Gone this year, legislators said, was the populist governor who arrived in the Statehouse in 2003 with a rigid ideology and expectations not only of certain goals but how lawmakers were to achieve them.
Sanford has appeared more pragmatic and flexible than in past years, legislators said.
“He’s been more open to dialogue and compromise than in past years,” said Rep. Dan Cooper, a Piedmont Republican who chairs the House Ways and Means Committee and has been publicly critical of the governor’s efforts in years past to pass his budget ideas.
‘Walk of faith’
Sanford told The News he now has a different perspective than when he first came to the Statehouse.
“What happens when you first come into office is you see so many things that need changing in Columbia, you go after a bunch of them,” he said. “The political system responds to shorter lists rather than long ones. It responds to focus rather than broad swaths.”
Accordingly, Sanford said he narrowed his focus of legislative goals this year. The fallout from his affair, he said, also made him more humble and helped him move past his ego.
“I think the larger journey that we’re all on is how do we go more about the business of taking ourselves out of the equation? The larger walk of faith is about beginning this process of moving past self,” he said.
Legislators said they have found Sanford far more cooperative and less apt to micromanage than in years past. Gone also were the public rebukes of legislators that stirred Statehouse tensions and kept relations frosty with many in the Legislature.
The result has been a string of legislative successes that include:
- Passing of sentencing reform, an idea he began promoting when he first came into office to try to relieve the rising cost of the state’s prison system.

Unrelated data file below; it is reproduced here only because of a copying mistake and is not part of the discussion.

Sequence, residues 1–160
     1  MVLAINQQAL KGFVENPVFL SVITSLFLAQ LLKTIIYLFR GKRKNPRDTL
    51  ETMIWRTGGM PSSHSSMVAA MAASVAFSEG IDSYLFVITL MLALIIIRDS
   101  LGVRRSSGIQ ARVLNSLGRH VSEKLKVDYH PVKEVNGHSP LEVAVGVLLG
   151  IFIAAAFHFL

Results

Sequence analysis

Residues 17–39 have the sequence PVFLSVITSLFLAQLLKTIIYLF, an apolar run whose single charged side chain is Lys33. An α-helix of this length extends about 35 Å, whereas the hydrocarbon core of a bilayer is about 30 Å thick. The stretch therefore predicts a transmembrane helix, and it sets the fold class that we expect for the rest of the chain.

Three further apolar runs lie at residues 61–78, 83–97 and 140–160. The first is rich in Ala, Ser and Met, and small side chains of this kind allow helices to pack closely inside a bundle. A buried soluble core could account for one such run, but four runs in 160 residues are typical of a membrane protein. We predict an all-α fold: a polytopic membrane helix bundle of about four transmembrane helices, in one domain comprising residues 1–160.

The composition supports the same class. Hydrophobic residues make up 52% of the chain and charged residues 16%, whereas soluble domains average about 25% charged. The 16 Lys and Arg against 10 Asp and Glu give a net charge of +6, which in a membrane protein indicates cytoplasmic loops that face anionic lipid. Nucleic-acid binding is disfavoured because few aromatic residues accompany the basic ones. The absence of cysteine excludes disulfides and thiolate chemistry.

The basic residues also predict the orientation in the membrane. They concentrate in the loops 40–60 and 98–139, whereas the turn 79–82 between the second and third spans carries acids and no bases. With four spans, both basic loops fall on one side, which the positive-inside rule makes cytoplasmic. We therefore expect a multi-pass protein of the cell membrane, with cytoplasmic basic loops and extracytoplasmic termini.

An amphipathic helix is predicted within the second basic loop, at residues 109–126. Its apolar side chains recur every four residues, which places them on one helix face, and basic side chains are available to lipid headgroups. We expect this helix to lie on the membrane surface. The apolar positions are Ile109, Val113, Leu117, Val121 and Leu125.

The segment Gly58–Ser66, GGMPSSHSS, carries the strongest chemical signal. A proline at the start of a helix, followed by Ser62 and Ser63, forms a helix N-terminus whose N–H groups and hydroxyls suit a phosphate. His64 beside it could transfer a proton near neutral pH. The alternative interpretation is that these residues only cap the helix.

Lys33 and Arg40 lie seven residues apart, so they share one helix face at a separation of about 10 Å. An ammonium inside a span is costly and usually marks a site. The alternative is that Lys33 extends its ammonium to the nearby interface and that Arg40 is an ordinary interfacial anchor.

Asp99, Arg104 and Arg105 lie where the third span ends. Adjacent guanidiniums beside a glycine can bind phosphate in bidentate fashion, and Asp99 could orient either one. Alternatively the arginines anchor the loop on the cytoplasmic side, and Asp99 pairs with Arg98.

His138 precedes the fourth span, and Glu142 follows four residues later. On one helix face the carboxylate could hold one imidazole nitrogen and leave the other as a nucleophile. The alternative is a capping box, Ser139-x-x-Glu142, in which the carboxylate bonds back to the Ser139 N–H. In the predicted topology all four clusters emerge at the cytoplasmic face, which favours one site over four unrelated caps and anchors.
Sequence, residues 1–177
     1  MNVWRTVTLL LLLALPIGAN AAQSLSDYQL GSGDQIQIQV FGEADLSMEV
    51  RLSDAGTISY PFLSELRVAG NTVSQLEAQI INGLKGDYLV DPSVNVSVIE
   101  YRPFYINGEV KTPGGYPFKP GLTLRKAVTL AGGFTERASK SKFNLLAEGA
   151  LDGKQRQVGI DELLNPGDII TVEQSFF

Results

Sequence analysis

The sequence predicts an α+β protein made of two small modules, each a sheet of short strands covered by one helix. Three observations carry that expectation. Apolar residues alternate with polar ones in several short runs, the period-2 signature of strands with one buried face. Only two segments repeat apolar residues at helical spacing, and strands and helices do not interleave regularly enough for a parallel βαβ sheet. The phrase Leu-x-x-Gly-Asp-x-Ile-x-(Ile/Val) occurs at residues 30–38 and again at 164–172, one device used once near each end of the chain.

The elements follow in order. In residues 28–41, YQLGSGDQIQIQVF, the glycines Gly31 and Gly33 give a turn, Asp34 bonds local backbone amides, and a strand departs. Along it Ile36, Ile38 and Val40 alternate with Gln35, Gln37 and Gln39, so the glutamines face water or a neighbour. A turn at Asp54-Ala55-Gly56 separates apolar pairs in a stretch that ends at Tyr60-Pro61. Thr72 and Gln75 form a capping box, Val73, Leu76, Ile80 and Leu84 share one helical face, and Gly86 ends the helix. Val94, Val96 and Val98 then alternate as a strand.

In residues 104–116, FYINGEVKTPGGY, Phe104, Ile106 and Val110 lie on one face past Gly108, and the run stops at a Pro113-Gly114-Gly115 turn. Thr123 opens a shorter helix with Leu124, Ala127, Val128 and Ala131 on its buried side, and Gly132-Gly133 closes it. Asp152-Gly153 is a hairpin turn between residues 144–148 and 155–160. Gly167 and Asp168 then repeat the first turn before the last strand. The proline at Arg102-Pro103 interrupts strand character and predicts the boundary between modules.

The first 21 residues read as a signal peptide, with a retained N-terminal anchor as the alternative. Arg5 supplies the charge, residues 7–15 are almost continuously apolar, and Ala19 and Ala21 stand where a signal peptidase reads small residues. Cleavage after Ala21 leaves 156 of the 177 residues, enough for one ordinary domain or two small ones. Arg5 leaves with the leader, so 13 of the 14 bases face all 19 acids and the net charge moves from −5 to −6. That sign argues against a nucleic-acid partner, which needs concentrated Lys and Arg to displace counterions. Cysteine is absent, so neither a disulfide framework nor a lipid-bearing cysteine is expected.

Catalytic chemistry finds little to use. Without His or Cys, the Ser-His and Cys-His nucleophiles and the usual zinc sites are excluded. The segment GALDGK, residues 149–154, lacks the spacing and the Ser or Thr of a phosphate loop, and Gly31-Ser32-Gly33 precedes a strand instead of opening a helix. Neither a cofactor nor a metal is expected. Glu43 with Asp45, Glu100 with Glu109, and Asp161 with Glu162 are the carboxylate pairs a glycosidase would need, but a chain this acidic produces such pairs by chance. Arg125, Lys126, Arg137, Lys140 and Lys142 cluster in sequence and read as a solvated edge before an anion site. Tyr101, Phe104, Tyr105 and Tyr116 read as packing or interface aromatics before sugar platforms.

- Reorganizing of the state Employment Security Commission and enacting a new unemployment premium rate structure to pay back almost $900 million in federal loans. His confrontation with agency leaders in December 2008 was portrayed by some legislators as the Grinch who stole Christmas.
- Having a record number of budget vetoes totaling $260 million sustained following years in which most of his budget vetoes were overridden, sometimes quickly.
- Winning legislative leaders’ support to pass legislation next year to create a Department of Administration to house many of the administrative functions now carried out by the State Budget and Control Board. Sanford had asked for such restructuring for years.
- Getting a moratorium on building projects on college campuses tied to tuition rates. Sanford and State Comptroller General Richard Eckstrom had sought for years to place a moratorium on such projects, arguing the state couldn’t afford to maintain the buildings but were blocked by the two legislators on the five-member Budget and Control Board. Senate Finance Committee Chairman Hugh Leatherman, frequently a political nemesis of Sanford’s, crafted the moratorium.
‘Timing is everything’
Sanford and some legislators agree that some of his legislative success this year has been due to what Sanford describes as a “ripening” of some issues.
He often quotes Winston Churchill’s observation that “the beauty of the American political system is that it always does the right thing, after it has exhausted every other political remedy.”